One answer is to ask all users to exit sop entry, make the change then let them back in, with a distributed work force, that may not be actually easy to contact or worse, not in front of the machines when you need to make the change, this is not practical. In this case, I have used the script below to keep resetting the number so immediately the users corrupts the next sop number, it gets corrected again.

Leave the script below running in SSMS until you are confident all users are now on the correct range of numbers.

DECLARE @NextSopNumber CHAR(21)

SET @NextSopNumber = '01447267'

WHILE 1 = 1
--Here SOPTYPE = 2 is an Order - could be changed to target another type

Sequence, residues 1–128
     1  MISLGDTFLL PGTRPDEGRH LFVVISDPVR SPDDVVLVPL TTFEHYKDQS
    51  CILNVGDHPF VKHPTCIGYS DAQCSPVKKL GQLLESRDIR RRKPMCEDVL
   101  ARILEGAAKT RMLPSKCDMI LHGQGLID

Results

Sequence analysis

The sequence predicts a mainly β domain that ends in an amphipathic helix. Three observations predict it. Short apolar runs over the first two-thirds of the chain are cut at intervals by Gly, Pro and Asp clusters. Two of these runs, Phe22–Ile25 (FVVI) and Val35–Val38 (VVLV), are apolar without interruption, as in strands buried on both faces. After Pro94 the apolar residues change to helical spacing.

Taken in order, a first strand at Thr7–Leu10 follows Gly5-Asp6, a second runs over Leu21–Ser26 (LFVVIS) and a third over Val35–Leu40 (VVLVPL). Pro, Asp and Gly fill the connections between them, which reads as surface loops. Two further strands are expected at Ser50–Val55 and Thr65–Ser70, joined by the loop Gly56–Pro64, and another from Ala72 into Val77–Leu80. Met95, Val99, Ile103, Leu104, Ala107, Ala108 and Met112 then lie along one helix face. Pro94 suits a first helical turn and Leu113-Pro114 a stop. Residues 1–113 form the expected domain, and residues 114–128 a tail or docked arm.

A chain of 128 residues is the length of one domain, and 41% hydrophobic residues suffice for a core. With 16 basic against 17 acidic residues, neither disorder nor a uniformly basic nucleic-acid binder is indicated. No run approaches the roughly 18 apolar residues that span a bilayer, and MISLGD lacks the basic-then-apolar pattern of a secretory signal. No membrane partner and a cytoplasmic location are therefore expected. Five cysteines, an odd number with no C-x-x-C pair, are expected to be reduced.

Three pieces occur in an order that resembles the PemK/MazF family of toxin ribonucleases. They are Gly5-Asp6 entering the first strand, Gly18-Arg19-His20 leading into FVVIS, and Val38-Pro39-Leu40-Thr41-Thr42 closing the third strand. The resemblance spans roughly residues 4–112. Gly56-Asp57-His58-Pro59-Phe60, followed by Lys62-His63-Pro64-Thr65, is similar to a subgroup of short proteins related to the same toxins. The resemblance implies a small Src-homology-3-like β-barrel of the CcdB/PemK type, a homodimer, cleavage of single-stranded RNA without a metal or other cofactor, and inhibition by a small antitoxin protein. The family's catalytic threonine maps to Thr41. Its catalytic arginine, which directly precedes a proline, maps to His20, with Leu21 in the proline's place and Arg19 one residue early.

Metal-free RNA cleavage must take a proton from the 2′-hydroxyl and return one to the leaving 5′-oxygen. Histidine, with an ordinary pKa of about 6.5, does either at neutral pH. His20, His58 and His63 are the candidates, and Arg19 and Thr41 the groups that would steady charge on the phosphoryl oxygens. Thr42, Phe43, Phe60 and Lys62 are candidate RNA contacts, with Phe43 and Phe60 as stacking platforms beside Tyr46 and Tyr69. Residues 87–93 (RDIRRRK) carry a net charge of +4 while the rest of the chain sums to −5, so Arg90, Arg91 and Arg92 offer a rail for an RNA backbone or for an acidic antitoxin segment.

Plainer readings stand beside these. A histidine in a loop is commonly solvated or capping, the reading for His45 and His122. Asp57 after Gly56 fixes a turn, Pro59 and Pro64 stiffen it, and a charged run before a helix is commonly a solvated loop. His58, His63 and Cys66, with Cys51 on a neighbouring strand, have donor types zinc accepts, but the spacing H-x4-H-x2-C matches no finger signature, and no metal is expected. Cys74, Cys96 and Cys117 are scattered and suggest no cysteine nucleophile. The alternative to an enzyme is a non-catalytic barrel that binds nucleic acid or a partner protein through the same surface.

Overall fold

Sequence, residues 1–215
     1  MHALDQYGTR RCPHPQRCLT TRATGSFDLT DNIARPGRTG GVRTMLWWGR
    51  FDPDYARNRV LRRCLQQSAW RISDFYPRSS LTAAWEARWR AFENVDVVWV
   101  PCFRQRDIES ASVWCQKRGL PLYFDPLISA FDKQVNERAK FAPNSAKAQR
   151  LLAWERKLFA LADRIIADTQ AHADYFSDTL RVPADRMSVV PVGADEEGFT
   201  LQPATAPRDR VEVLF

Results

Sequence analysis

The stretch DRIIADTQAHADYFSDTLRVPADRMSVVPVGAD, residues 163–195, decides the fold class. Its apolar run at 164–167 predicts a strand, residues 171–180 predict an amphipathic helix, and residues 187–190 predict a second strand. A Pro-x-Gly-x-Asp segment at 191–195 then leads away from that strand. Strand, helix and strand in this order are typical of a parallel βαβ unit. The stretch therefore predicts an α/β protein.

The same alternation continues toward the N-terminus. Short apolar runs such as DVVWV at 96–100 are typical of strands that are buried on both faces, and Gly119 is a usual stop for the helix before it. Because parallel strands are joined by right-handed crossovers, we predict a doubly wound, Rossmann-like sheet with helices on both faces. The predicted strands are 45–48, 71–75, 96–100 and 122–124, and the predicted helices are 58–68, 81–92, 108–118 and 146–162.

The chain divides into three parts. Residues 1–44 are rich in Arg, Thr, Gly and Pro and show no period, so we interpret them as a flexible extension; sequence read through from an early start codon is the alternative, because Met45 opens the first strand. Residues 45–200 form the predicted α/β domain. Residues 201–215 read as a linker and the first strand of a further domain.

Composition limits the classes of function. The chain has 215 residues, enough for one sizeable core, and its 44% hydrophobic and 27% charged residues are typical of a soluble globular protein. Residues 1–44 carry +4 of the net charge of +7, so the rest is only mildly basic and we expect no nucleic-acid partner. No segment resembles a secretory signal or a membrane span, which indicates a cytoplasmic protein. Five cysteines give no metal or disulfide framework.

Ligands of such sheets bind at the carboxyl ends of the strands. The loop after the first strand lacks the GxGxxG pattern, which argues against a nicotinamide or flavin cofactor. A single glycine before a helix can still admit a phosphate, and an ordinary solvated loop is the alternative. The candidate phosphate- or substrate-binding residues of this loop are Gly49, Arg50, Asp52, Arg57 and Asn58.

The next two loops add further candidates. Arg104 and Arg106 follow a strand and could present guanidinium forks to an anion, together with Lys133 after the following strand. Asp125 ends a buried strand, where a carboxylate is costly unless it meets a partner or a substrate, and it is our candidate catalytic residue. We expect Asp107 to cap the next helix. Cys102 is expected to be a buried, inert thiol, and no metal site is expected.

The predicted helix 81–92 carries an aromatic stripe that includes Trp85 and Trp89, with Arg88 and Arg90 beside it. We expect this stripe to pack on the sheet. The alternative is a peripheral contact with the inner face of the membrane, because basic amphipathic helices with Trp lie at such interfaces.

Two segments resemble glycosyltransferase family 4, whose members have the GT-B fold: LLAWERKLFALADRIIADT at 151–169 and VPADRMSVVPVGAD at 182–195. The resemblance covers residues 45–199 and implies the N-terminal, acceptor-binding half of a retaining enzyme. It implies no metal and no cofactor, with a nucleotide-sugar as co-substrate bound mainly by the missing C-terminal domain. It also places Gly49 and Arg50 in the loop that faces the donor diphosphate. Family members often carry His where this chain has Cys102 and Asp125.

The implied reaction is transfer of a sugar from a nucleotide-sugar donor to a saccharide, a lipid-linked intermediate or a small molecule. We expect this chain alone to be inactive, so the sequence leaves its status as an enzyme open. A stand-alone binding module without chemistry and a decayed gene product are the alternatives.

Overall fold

-- Make a like stub from the next number to see that the number has not jumped
SUBSTRING(@NextSopNumber, 1, LEN(@NextSopNumber) - 3)
SET SOPNUMBE = @NextSopNumber

-- 5 second delay then check again
WAITFOR DELAY '00:00:05'

In the above script, set the next sop number in the above script from the number that looks reasonable as a last number from running, looking at the SOPTYPE for the correct document type in question:


So long as the next SOPNumber is within 1000 of the actual last number used, then the GP client will scroll up through, finding the actual next sop number that is available for allocation. The exact number is not critical, and it wont matter until 1000 orders have been entered. After 1000 you will get an error message saying a new sop number could not be found. 
Do let me know if this was helpful, in the comments, keeps me motivated to write more!